NB: while the method graph is a powerful metaphor for understanding method dispatch, implementing it in this way would be rather inefficient, so the actual approach that S4 uses is somewhat different. You can read the details in ?Methods_Details.

What happens if methods are the same distance? For example, imagine we’ve defined methods for 🕶 and 🙂, and we call the generic with 😎. Note that no method can be found for the 😶 class, which I’ll highlight with a red double outline.

This is called an ambiguous method, and in diagrams I’ll illustrate it with a thick dotted border. When this happens in R, you’ll get a warning, and the method for the class that comes earlier in the alphabet will be picked (this is effectively random and should not be relied upon). When you discover ambiguity you should always resolve it by providing a more precise method:

The fallback ANY method still exists but the rules are little more complex. As indicated by the wavy dotted lines, the ANY method is always considered further away than a method for a real class. This means that it will never contribute to ambiguity.

With multiple inheritances it is hard to simultaneously prevent ambiguity, ensure that every terminal method has an implementation, and minimise the number of defined methods (in order to benefit from OOP). For example, of the six ways to define only two methods for this call, only one is free from problems. For this reason, I recommend using multiple inheritance with extreme care: you will need to carefully think about the method graph and plan accordingly.

15.5.3 Multiple dispatch

Once you understand multiple inheritance, understanding multiple dispatch is straightforward. You follow multiple arrows in the same way as previously, but now each method is specified by two classes (separated by a comma).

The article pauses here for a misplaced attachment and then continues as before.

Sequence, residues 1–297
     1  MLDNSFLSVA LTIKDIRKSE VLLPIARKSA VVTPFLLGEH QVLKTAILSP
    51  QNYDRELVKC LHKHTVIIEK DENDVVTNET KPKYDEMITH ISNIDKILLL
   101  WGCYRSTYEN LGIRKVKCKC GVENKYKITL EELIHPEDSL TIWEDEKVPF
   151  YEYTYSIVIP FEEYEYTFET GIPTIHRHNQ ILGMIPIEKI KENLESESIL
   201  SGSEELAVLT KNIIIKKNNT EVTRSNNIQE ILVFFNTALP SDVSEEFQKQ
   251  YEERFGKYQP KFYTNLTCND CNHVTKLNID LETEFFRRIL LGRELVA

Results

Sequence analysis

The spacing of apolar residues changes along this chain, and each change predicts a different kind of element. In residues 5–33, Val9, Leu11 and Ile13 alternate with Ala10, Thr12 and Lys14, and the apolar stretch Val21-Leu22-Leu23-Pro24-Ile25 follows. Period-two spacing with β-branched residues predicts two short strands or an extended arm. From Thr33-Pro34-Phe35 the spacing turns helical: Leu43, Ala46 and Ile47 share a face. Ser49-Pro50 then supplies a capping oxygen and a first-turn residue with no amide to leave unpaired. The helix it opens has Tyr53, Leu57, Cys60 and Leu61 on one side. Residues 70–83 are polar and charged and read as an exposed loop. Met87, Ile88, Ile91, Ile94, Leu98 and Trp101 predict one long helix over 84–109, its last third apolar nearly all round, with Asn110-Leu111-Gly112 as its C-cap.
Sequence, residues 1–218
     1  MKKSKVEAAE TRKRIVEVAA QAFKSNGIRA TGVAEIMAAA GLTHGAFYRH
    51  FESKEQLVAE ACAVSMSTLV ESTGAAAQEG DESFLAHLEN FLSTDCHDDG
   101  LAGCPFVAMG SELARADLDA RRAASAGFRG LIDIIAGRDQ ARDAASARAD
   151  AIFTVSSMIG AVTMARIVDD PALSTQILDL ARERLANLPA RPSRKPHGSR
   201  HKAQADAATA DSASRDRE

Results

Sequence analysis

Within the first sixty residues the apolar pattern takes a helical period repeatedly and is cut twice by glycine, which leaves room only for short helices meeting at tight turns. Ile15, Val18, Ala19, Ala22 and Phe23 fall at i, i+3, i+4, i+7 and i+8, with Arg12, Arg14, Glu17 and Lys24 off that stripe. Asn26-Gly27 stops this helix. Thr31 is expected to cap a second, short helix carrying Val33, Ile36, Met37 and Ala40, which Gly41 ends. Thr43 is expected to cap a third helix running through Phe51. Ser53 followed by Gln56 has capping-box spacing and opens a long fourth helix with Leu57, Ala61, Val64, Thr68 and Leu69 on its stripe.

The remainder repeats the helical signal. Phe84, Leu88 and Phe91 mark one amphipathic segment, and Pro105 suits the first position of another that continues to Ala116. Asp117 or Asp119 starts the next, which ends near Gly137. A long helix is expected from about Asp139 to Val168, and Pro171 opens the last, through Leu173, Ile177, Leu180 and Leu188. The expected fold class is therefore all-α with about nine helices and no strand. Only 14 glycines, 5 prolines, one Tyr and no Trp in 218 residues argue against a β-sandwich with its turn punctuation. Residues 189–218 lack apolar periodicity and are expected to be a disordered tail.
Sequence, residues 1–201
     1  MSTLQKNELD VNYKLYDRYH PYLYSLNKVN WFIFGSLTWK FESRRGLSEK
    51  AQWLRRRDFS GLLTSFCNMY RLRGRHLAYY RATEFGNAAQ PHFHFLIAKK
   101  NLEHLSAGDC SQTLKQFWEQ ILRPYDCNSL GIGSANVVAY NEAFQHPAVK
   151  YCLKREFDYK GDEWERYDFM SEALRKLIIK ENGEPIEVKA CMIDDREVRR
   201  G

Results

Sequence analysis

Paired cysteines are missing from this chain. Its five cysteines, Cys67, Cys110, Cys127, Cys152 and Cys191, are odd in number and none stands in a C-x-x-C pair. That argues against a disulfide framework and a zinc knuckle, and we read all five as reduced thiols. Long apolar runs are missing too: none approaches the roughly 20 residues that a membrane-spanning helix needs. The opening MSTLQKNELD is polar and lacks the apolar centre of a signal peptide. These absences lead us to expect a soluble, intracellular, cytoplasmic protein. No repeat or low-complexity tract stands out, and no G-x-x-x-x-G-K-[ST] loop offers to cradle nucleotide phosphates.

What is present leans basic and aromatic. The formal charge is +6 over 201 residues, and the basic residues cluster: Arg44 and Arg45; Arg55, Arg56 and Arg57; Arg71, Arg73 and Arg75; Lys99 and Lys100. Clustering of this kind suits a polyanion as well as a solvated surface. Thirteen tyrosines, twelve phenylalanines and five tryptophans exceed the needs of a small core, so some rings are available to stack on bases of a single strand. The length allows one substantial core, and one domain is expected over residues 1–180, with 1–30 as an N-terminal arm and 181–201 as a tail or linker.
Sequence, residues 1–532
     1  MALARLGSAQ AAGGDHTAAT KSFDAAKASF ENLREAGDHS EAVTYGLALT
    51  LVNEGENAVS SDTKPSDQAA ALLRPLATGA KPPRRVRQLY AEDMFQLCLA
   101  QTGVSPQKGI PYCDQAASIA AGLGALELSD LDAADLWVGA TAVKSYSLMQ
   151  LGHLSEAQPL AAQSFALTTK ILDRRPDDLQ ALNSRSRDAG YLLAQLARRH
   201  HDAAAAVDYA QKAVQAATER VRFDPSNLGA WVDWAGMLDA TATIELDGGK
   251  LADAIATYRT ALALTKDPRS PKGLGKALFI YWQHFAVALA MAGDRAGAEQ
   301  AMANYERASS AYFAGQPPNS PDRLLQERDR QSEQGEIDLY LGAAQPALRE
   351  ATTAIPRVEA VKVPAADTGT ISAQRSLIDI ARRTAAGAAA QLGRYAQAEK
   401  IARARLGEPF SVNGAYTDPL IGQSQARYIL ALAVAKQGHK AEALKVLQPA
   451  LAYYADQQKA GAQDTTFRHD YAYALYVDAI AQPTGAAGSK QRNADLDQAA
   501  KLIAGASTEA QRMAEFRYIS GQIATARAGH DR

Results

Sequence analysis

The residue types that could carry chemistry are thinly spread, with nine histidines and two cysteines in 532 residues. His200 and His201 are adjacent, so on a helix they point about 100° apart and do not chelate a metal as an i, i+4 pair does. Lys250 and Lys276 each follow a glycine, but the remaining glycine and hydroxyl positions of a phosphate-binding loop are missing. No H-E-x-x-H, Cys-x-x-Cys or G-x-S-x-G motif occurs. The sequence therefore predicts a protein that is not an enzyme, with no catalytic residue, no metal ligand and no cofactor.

I’m not going to show examples of dispatching on more than two arguments, but you can follow the basic principles to generate your own method graphs.

The main difference between multiple inheritance and multiple dispatch is that there are many more arrows to follow. The following diagram shows four defined methods which produce two ambiguous cases:

Multiple dispatch tends to be less tricky to work with than multiple inheritance because there are usually fewer terminal class combinations. In this example, there’s only one. That means, at a minimum, you can define a single method and have default behaviour for all inputs.

15.5.4 Multiple dispatch and multiple inheritance

Of course you can combine multiple dispatch with multiple inheritance:

A still more complicated case dispatches on two classes, both of which have multiple inheritance:

As the method graph gets more and more complicated it gets harder and harder to predict which method will get called given a combination of inputs, and it gets harder and harder to make sure that you haven’t introduced ambiguity. If you have to draw diagrams to figure out what method is actually going to be called, it’s a strong indication that you should go back and simplify your design.

15.5.5 Exercises

  1. Draw the method graph for f(😅, 😽).

  2. Draw the method graph for f(😃, 😉, 😙).

  3. Take the last example which shows multiple dispatch over two classes that use multiple inheritance. What happens if you define a method for all terminal classes? Why does method dispatch not save us much work here?

  1. The S4 ANY pseudo-class plays the same role as the S3 default pseudo-class.↩︎